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Evan C. Lai Landscape Design (ECLLD) designed this green rooftop above a gritty East Village townhouse in Manhattan. The 400sf space was maximized with an extensive green roof, neutral stone, and tinted resin panels. In the lounge the green resin transforms a skylight into a glow-in-the-dark daybed; in the foyer it casts a semi-translucent shade over an exterior shower and sauna; by the bar it adds a concentrated brushstroke across walls and benches. The design is topped off with a green roof above the sauna that improves insulation and water runoff. + Evan C. Lai Landscape Design The article above was submitted to us by an Inhabitat reader. Want to see your story on Inhabitat ? Send us a tip by following this link . Remember to follow our instructions carefully to boost your chances of being chosen for publishing!

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Dynamic residence in Singapore brings nature to the city with a green roof and vertical gardens

January 18, 2016 by  
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Buying Green & Good Intentions Won’t Even Slow Climate Change Down

September 9, 2011 by  
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Photo: Capitan Giona via Flickr/CC BY-SA And here comes an economist from the Environmental Defense Fund writing in the New York Times with a message that 95% of devoted “green” lifestyle-livers won’t want to hear: Your ethical consumer spending habits, your Prius-driving, your organic diet curation, your diligent efforts to dial down the A/C — none of that is making even a teeny tiny dent in addressing climate change or the biodivers… Read the full story on TreeHugger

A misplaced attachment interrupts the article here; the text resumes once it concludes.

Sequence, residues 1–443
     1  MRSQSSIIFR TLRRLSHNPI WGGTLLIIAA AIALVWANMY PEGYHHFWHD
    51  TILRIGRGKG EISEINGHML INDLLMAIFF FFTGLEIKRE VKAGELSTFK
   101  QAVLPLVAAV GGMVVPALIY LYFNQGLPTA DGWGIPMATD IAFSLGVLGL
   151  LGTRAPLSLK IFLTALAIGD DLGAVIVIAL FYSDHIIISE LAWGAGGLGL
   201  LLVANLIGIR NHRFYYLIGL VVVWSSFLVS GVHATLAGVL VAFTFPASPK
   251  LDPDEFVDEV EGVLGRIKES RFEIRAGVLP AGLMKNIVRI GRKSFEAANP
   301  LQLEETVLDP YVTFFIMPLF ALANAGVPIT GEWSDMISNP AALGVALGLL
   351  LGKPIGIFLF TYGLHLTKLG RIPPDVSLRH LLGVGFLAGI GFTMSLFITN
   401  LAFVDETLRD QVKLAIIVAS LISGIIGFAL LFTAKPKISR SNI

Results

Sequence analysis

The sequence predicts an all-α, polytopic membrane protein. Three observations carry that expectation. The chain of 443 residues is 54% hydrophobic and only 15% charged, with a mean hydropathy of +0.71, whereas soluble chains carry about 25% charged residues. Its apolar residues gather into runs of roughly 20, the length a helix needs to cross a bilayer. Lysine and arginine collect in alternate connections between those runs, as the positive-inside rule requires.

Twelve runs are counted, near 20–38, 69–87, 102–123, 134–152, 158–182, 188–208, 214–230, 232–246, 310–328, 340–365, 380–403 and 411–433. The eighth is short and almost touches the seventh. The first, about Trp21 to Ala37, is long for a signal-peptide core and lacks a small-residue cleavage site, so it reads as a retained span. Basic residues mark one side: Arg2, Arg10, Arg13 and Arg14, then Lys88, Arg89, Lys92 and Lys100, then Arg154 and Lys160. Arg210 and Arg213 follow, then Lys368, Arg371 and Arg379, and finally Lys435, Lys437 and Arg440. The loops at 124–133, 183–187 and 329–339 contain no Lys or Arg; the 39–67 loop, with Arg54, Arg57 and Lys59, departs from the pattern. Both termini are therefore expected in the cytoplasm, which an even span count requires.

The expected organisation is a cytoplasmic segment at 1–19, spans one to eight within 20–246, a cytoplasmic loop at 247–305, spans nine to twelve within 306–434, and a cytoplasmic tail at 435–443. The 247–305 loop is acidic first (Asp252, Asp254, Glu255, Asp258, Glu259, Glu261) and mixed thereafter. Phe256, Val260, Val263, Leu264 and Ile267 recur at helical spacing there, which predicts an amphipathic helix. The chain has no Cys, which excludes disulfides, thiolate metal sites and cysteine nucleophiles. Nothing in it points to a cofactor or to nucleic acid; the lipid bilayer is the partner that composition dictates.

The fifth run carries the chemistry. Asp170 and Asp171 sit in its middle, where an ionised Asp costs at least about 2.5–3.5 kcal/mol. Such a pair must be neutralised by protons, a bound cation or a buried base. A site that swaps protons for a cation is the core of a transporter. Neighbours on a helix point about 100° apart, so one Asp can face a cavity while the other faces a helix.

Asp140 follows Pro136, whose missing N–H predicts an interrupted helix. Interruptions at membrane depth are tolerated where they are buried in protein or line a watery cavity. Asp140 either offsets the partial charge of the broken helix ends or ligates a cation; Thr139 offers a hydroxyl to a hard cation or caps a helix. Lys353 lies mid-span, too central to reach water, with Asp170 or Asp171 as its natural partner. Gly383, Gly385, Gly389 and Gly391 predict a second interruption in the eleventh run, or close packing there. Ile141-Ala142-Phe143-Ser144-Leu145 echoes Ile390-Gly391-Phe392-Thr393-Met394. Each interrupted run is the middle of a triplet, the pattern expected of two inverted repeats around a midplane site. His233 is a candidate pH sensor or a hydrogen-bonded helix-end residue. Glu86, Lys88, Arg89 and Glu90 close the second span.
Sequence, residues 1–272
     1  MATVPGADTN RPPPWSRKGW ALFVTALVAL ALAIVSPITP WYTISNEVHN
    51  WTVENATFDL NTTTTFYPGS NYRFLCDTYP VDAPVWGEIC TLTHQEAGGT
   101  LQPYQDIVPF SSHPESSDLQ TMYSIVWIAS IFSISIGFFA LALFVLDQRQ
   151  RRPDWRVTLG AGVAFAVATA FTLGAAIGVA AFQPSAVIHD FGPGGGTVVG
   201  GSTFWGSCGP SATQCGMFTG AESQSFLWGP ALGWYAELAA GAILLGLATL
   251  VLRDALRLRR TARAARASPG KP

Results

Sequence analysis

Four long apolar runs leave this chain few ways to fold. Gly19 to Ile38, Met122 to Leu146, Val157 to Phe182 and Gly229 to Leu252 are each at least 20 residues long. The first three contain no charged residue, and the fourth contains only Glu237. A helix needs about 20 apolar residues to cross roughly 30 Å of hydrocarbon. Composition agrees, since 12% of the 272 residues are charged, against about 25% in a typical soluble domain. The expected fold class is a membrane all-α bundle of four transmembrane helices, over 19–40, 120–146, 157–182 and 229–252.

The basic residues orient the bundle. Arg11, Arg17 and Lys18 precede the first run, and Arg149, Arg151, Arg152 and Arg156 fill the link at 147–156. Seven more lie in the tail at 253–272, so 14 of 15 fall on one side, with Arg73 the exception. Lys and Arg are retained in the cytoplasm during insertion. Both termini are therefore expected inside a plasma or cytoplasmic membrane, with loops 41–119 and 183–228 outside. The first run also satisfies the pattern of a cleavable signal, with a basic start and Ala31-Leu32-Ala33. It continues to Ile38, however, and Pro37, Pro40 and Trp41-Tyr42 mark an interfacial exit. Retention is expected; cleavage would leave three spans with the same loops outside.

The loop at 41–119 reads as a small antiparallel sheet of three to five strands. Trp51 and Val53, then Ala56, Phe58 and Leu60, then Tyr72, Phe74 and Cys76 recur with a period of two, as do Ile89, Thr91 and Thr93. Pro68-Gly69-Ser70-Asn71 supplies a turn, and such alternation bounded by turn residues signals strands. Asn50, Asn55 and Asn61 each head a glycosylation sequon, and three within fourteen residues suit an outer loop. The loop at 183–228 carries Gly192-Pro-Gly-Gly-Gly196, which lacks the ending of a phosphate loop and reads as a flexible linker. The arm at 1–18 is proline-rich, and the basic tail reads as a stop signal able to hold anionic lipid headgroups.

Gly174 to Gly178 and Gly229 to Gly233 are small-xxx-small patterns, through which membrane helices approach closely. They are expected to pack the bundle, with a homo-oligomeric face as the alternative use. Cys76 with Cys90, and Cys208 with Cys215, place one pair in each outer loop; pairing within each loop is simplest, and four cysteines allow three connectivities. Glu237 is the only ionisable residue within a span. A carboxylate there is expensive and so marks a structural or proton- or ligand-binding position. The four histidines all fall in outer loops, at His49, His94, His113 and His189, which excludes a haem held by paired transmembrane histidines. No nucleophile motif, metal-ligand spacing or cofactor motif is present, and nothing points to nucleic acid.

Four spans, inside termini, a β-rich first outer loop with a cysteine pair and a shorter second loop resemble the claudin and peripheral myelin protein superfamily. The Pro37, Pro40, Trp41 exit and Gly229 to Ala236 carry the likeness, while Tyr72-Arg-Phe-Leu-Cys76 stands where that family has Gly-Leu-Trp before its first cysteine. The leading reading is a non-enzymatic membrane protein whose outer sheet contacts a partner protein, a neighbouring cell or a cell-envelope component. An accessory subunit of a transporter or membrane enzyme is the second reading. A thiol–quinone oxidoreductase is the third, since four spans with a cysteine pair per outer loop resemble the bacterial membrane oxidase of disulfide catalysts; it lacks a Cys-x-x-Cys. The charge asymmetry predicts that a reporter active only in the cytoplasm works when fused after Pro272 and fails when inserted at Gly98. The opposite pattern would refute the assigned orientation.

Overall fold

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Gorgeous Composting Shed Woven From Re-Bar By Groves-Raines Architects

August 1, 2011 by  
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Photos: Groves-Raines Architects Who said composting bins have to be unimaginative, boring boxes? Taking composting to fancier heights is Scottish architecture firm Groves-Raines Architects (GRA) , which designed this free-flowing composting and storage shed in Edinburgh. Made out of re-bar that’s woven into an undulating form, the structure is open on one end to allow access, and is topped with a green roof. It may be just a shed, but its innovative design has earned it some surprising accolades and awards, internationally a… Read the full story on TreeHugger

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Ian MacDonald’s Meadow House Melts Into the Canadian Landscape

January 17, 2011 by  
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Situated one hour’s drive north of Toronto in a rolling pasture, Architect Ian MacDonald ‘s Meadow House is a kind of modernist extension of the land.

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Asia’s First Tidal Power Plant Coming to India

January 17, 2011 by  
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Wind and solar power may get the most attention in the realm of green energy, but tidal power is slowly edging its way in: Scotland , Korea , and even New York City all have tidal power projects currently underway. Most recently, India joined the tidal power wave with the approval of a commercial-scale tidal power plant in the Gulf of Kutch. The 50 Mw plant will be developed by the London-based company Atlantis Resources Corporation in partnership with Gujarat Power Corporation, and construction will start this year.